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shutterstock_579504304-1.jpgThe day many digital marketers feared looks like it’s fast approaching: Peak Content. Yes, we may be staring down the day when there’s so much content out there that it’s impossible to get anyone’s attention, if it hasn't happened already.

Okay, cut that out. We’re not facing some kind of content apocalypse, regardless of what the naysayers would have you believe; some people are just professional grouches. Others are just terminally unwilling to look at new possibilities. Because Peak Content is only a thing if you think we’ve exhausted every possible kind of content out there, and there’s nowhere else to go.

At Hudson Fusion, we don’t think that’s true one bit.

So while it’s harder and harder to break out of the endless sea of blog posts, whitepapers, and webinars, it turns out there are actually lots of ways to make sure you aren’t getting lost in the crowd. We’ve already talked a little bit about the marketing potential of data journalism. But that’s not the only way forward.

In fact, there's one more we'd love to tell you about: storytelling.

The internet is a firehose of information and content being blasted in people's faces all the time, which means there are two ways to get through to people: get to the point, or tug on their heartstrings. Both have their place.

But when it comes to cutting through the clutter, especially when someone isn’t engaged in a highly focused search, you want to make yourself worth their time.

Heartstrings

Ok. By “tugging on their heartstrings,” I don’t literally mean to get all weepy on them. Although that sometimes works, by the way. What I mean is to tell a story that they can connect with.

Because let’s be honest. Trillions – literally trillions – of ads are served up every year. People see thousands of marketing messages every single day. It’s not enough to just be there.

You have to get their attention, yeah, but then you have to make them want to read.

“Clickbait” sites get a lot of flack, but let’s not pretend that what they do doesn’t work. They present you with some kind of regular old situation, promise a twist, and then don’t deliver in the headline. You’re hooked. You absolutely want to know more: what this person did that was so unexpected, or why this common situation may mean something bigger than you ever anticipated. You made a connection with a person, an event, a theme. Something resonated with you and drew you in, and that’s why you clicked.

In other words, they hooked you with a promise of a story, and not just more important factoids.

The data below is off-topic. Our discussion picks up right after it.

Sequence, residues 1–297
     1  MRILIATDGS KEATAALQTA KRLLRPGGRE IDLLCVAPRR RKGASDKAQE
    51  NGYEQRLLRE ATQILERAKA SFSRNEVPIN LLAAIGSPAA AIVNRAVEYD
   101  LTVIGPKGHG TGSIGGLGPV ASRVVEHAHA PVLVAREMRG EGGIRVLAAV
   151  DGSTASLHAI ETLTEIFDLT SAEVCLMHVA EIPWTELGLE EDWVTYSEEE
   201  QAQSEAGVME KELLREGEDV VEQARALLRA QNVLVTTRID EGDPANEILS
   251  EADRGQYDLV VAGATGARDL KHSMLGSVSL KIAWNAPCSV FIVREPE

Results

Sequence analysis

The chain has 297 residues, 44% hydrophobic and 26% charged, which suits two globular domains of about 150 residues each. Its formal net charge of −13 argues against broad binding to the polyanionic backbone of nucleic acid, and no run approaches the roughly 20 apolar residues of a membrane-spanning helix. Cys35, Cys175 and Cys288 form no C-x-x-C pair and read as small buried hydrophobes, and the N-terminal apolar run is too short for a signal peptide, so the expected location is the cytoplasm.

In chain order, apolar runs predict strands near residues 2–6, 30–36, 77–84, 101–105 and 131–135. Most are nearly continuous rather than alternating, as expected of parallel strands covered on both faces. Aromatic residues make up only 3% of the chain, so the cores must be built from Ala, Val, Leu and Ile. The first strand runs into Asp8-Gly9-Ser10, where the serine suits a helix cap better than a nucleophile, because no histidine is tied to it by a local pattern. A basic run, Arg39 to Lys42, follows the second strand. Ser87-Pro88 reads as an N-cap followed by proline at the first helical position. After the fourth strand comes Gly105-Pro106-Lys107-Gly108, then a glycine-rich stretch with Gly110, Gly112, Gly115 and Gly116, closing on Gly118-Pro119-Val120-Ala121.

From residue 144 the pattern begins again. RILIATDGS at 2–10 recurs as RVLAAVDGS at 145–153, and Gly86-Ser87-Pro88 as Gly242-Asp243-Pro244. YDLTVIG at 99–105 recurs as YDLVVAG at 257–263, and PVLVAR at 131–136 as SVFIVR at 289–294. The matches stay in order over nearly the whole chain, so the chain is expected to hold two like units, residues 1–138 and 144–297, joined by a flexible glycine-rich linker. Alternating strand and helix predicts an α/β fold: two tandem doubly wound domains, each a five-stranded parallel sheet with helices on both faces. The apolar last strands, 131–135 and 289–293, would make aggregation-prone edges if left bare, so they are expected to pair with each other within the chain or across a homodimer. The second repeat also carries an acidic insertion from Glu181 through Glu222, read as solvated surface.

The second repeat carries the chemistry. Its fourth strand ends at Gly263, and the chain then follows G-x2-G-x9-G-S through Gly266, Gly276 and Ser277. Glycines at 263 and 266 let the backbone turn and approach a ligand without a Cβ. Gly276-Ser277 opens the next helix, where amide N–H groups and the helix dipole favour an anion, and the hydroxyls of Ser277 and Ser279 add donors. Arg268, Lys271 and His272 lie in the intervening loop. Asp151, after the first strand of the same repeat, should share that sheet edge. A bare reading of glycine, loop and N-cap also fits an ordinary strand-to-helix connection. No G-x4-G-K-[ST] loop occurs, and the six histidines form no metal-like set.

Teaching a Man to Fish

Sometimes, how you get the answer is more important than the answer itself, at least from a content perspective. A three-minute video of Luke Skywalker destroying the Death Star wouldn’t have the same impact without the preceding movie; it contextualizes the event, enriching it and providing it with more meaning and force.

As Pixar’s Andrew Stanton puts it, “Don’t give them 4; give them 2+2.” Not only does that take your isolated fact and give it more meaning by putting it in its proper context, but it changes it from a fact to an outcome, which is much more easily applicable to other situations. 2+2 contains multiple variable elements: two isolated quantities and an action.  By working through it, you can see how, by changing the variables, you can reach any number.

A story is really a process. And a process is something infinitely more valuable than a bald fact. 

After all, remember that old saw about teaching a man to fish? It's true! It turns out that giving someone a process gives them the ability to replicate results. And stories provide a fantastic vehicle for delivering process-based learning. 

Why's that? Well, you don't just give instructions; you provide an example that demonstrates value and a context that people can relate to. A story gives someone an opportunity to imagine themselves putting it to work. And best of all? It's far more entertaining to read, which means you're delivering even more value than a simple step-by-step could ever do,

Now, it’s true. Stories take longer to read. But that means that the people reading them are more highly engaged and more likely to derive value from them. You should definitely maintain a healthy mix in your content library of quick-and-dirty, practical-and-tactical, and easy-to-digest.

But if you mix in some narrative, story-driven features that promise and deliver more value, you can give your best leads something to really sink their teeth into, and something you can continue to proudly promote for years.